As impossible as it sounds, Nestle (NSRGY -1.08%) has lost a European trademark infringement case to Impossible Foods over its plant-based burgers.
The District Court of The Hague in the Netherlands ruled Nestle's Garden Gourmet Incredible Burger is so close in name to Impossible Foods' Impossible Burger that it would confuse consumers, even though the former launched its burgers in 15 countries last year and the latter doesn't sell its burgers in Europe yet.
Eating the competition
The market for plant-based meat alternatives is growing in the U.S. and globally, with Impossible Foods and Beyond Meat (BYND -1.80%) having credibly earned first-mover leadership status at restaurants and supermarkets.
A number of consumer products giants have realized the potential and either have, or are planning to introduce their own plant-based alternatives. In addition to Nestle, Cargill, Kellogg (K -2.60%), Kroger (KR -2.08%), Smithfield Foods, and Tyson Foods (TSN -1.38%) all want a piece of the action.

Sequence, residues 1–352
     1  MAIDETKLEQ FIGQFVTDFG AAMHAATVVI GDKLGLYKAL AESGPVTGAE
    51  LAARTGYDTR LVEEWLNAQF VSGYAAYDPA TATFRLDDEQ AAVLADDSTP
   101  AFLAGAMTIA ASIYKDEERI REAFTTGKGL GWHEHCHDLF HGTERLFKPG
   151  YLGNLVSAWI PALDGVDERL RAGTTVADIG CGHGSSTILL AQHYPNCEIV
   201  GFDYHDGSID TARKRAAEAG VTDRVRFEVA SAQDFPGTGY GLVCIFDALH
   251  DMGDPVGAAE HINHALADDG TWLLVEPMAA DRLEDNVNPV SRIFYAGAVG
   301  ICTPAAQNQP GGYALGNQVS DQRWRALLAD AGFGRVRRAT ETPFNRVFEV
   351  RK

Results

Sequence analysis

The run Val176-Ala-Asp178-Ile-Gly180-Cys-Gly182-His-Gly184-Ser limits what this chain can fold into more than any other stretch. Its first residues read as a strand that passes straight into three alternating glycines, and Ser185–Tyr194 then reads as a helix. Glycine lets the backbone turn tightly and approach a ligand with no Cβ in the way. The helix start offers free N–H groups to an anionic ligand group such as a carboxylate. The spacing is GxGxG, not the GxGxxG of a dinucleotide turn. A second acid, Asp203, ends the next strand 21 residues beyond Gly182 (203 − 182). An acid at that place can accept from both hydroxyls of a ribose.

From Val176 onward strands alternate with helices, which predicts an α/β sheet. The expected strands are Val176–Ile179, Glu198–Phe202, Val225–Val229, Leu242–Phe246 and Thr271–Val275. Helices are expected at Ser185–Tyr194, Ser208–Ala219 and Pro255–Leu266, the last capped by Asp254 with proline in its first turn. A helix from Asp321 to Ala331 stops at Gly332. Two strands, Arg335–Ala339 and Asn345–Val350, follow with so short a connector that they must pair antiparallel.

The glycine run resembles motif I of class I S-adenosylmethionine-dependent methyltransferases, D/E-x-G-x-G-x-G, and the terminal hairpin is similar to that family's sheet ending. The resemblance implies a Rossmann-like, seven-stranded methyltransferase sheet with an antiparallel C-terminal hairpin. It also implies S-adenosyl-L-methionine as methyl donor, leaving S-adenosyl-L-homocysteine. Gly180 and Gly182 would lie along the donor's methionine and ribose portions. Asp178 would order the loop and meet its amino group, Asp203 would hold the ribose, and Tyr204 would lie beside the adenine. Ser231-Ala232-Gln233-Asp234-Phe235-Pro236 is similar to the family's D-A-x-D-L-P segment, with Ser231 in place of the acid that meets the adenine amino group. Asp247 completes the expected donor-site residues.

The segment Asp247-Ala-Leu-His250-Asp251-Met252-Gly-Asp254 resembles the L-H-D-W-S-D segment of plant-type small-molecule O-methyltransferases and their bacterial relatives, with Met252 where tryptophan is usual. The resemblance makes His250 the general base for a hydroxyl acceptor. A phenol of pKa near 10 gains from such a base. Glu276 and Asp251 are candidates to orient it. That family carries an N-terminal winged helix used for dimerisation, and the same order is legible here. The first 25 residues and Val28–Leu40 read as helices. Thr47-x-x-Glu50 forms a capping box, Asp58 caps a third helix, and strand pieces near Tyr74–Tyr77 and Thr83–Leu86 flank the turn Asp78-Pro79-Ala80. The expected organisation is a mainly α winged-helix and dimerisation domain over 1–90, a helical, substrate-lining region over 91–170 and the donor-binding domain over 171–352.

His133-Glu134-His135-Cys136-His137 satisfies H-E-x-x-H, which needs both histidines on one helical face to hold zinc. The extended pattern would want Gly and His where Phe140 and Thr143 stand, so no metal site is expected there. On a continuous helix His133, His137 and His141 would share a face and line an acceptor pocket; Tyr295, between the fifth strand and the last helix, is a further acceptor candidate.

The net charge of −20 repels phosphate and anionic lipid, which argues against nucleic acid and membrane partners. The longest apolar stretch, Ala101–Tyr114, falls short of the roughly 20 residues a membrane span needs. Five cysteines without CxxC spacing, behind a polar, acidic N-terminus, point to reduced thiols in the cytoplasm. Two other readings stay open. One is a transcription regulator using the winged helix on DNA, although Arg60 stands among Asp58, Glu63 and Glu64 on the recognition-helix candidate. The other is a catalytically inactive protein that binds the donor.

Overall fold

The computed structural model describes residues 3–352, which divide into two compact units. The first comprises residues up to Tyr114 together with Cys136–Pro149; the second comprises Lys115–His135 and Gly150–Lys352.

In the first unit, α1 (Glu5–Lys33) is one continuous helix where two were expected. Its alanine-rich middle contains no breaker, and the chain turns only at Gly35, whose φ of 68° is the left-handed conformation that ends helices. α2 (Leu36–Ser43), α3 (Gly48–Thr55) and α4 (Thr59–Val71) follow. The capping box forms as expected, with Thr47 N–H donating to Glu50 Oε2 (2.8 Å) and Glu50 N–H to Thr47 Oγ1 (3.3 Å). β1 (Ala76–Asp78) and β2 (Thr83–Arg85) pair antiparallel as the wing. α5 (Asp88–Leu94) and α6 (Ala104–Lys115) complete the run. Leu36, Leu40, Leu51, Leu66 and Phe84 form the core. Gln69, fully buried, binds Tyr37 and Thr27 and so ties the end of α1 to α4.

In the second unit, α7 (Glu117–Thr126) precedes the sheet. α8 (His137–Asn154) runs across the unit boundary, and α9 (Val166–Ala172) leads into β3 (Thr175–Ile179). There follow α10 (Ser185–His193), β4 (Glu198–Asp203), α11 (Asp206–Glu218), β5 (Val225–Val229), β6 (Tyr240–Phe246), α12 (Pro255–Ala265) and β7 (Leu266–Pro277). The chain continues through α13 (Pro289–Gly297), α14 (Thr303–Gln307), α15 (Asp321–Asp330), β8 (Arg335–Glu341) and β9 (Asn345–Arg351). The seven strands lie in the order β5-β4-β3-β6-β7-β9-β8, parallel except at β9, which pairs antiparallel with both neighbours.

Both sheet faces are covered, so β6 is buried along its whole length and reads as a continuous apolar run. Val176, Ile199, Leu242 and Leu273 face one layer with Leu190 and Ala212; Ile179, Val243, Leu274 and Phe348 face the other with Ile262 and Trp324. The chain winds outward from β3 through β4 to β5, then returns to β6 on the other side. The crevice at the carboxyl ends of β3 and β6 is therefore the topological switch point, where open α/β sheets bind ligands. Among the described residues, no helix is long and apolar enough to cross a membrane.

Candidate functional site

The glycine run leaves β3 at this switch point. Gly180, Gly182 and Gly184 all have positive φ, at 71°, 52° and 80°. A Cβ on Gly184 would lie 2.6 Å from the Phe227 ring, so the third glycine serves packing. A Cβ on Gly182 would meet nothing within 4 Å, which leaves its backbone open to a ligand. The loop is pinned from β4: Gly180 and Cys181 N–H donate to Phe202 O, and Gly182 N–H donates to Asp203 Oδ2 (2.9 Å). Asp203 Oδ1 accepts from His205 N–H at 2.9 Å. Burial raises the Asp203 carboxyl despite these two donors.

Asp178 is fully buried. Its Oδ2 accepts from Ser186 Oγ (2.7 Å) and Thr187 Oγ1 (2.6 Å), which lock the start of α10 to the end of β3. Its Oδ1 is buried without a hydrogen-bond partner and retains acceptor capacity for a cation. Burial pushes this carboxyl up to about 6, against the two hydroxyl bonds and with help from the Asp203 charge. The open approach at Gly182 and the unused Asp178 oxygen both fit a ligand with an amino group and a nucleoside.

Impossible Foods sought an injunction against Nestle because it plans to expand into Europe and said Nestle was trying to undermine its ability to effectively compete by naming its burgers something so close to its own.
A Nestle spokesman told The Wall Street Journal, "We are disappointed by this provisional ruling as it is our belief that anyone should be able to use descriptive terms such as 'incredible' that explain the qualities of a product."
Nestle sells its plant-based burgers in the U.S. under the Awesome Burger brand. It said it would change the burger name in Europe to Sensational, but would also appeal the decision.